We’ve all experienced bad meeting cultures where meetings become political tools, waste everyone’s time with information sharing, or devolve into micro management (think “weekly check-ins”). Individuals don’t like them—no one wants to be part of meetings that distract from the real work. And they’re expensive for companies, too. 


But meetings are just... easy. It’s easier for someone to “talk it out” than sit down and write about the problem they’re trying to communicate. And (some managers think) it’s easier to speak up about concerns or blockers when meeting face-to-face. 


So in turn, all companies eventually face meeting creep. The difference between the “bad meeting culture” companies who let it fester and the companies who don’t, is that the latter establish boundaries around when meetings should be used. 


"Perhaps the CEO's most important operational responsibility is designing and implementing the communication architecture for her company."

- Ben Horowitz, Cofounder and General Partner at a16z


At Nuffsaid we’ve been intentional about our meeting culture and have used tactics I think other teams may benefit from applying. This piece is a blueprint for what we’ve done. Read it, apply the parts that make sense for you, and connect with me to share what you’ve learned. 

Pulse check: Does your company have a bad meeting culture? 

Before I share what we’re doing at Nuffsaid, it’s useful to do an audit of where your company’s meeting culture stands. I’d recommend setting guidelines as a preventative measure, but if you 

already have an established “bad meeting culture” you may need to do extra work to change the way people are operating. 


To do an audit, consider making a copy of this 5-question survey to send to members of your team. Then, compare the responses to this “poor, average, excellent” scorecard to understand where your meeting culture sits. 





1. What percentage of the team's time is spent in meetings every week? 


20% of the average 5-day work week equals about 2 hours per day in meetings. No individual contributor should be spending more than an average of 2 hours per day in meetings. If your team responds to the survey saying they spend more than 25% of their week in meetings, consider combing through their schedule and working with the meeting organizers to see whether those meetings are necessary or if the attendee list could be shortened. 


Individual contributors should aim for 10% or lower (an average of 1 hour per day in meetings), and managers should aim for 20% or lower. If organizers are required to take a hard look at every single meeting to determine whether there needs to be one, they’ll find that many are being used to share information or get approval—both of which can be done via email. And some won't have a purpose or agenda at all. Kill those meetings. 


And for the meetings that survive, organizers must consider the time allotted per meeting. Parkinson’s Law says that work expands to fit the time allotted. If your meeting is scheduled for an hour, it’s probably going to take an hour. If it’s scheduled for 30 minutes, you’ll figure out a way to get everything done in that time. If organizers cut all their meetings in half, they’ll be surprised how much value they still get from the shorter meeting.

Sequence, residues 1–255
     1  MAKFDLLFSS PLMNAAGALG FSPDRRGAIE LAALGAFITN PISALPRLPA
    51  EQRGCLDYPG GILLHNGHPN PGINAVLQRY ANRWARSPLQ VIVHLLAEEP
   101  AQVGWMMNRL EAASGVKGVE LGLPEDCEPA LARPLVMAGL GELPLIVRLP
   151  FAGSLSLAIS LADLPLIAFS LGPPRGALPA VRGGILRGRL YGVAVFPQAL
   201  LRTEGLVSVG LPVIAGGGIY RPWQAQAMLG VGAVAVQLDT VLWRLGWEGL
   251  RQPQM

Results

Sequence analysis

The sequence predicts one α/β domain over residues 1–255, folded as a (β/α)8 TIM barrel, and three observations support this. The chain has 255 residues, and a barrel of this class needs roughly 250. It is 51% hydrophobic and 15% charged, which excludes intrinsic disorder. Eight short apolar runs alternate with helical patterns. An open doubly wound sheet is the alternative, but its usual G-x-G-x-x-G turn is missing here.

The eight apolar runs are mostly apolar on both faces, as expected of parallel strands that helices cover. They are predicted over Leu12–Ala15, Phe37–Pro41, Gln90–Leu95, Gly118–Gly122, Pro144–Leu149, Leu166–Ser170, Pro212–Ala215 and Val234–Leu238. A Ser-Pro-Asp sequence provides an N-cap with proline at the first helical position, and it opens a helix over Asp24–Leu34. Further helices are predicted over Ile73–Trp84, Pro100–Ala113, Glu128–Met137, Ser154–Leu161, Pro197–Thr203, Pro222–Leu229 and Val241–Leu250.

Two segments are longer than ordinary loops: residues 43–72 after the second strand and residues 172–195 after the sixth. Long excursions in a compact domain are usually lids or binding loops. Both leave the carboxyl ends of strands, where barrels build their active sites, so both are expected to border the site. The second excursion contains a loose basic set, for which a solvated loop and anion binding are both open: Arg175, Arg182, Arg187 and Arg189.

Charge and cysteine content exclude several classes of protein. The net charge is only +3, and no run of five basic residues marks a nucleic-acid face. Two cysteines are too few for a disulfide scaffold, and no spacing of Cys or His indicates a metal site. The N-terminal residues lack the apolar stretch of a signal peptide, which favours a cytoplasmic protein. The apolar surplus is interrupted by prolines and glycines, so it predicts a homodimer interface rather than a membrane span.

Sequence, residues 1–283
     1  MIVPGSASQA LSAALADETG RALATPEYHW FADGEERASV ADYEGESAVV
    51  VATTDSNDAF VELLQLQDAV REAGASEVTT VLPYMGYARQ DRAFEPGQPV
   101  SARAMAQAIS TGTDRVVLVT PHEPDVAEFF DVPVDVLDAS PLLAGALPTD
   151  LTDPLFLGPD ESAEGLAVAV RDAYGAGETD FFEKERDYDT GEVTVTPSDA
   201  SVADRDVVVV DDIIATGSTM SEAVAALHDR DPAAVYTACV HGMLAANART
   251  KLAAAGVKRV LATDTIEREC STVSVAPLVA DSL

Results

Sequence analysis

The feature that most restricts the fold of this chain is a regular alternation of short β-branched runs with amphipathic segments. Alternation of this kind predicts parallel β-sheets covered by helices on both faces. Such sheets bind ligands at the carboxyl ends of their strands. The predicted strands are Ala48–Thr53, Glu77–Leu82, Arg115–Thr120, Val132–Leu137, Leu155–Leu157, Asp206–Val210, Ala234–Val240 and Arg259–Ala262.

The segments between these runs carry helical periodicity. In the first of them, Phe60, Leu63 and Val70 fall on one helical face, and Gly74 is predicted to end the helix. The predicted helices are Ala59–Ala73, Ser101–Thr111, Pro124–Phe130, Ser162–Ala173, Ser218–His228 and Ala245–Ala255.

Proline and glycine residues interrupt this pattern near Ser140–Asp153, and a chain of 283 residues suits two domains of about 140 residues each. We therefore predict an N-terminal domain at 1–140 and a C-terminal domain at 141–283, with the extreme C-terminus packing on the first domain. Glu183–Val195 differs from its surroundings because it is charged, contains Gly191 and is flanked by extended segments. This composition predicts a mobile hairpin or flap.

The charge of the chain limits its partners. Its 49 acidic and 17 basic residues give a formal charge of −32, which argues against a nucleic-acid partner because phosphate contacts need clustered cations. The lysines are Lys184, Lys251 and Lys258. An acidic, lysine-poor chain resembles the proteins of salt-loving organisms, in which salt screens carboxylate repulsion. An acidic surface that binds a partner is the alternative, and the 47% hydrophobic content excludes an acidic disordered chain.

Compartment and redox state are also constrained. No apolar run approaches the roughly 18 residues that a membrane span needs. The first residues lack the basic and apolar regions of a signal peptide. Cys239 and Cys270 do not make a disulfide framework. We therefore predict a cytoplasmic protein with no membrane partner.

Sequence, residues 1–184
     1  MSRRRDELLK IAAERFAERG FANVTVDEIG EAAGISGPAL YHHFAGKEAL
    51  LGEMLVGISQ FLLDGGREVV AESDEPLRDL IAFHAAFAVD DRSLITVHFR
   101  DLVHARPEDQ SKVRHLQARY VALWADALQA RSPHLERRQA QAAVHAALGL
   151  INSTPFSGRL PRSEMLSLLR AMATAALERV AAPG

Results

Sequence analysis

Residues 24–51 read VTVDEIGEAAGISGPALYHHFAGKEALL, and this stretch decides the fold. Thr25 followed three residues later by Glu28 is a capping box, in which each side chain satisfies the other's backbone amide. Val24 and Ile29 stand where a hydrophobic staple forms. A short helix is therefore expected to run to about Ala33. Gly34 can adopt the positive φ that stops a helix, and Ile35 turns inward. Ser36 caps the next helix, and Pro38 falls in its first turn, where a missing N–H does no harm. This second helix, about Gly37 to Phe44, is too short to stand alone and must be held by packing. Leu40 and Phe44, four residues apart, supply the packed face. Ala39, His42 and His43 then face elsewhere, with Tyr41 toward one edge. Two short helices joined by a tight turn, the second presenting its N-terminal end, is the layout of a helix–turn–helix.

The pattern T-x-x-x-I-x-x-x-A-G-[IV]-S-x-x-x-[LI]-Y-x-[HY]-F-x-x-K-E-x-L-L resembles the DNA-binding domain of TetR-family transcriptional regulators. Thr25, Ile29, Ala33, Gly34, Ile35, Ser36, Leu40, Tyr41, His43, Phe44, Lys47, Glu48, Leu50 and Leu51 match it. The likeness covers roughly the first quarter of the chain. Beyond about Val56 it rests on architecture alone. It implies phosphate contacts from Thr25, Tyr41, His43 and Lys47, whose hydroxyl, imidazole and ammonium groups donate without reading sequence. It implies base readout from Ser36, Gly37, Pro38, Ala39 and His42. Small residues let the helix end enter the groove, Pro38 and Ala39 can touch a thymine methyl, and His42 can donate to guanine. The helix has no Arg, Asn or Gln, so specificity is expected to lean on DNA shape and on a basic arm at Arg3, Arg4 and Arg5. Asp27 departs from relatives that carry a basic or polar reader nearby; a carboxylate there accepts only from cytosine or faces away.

2. What is the primary purpose of meetings at your company? 


Meetings often focus on one of the following categories:

  • Share information ← Poor use of time
  • Get approval ← Poor use of time
  • Assign tasks
  • Make decisions
  • Remove blockers
  • Request feedback
  • Training / onboarding


As most companies grow, in an attempt to keep everyone included about what’s happening, they focus their meeting time on sharing information. Unfortunately, meetings are an extremely inefficient way to share information for large groups since much of the information won’t be interesting or relevant for much of the audience. It’s the meeting organizer’s job to find other ways to distribute relevant information to the right people. An effective example we’ve seen is when managers direct message (in Slack) every person on their team who needs an important piece of information.


In an excellent meeting culture, the primary purpose for meetings is to make decisions or remove blockers.  



3. Except for all-hands and department meetings, how often do meetings have more than 5 attendees?


Except for company or team all-hands, meetings should rarely have more than 5 people in attendance. If your meeting is focused on something productive, like making a decision, then it’s difficult to hear everyone’s perspectives and allow room for debate when too many people are in the room.  


Sometimes when meetings have more than 5 attendees it’s because there are some people who have been invited for purely political reasons, like to have a department presence with no goal of how that person should participate. It usually sounds something like this: “We should get Alison from Product to attend this meeting.” Or, “I should attend this meeting so I’m visible to Andrew.” 


When attendance is political and not about getting value out of a meeting, it’s a sign there are some deep-rooted issues and fixing your meeting culture may be a step in the right direction. 


Here’s how we’re doing it at Nuffsaid, in the hopes that you’ll use this blueprint for the benefit of your team. 

How we've established meeting guidelines at Nuffsaid 

When starting Nuffsaid, I knew I’d want to protect the team’s time from meeting creep as we grew. So my co-founders (Hari and Nick) and I created a rough outline of meeting guidelines that eventually was refined to the following:




Core to our guidelines are what we don’t use meetings for, how we think about recurring meetings, and why we help team members prepare.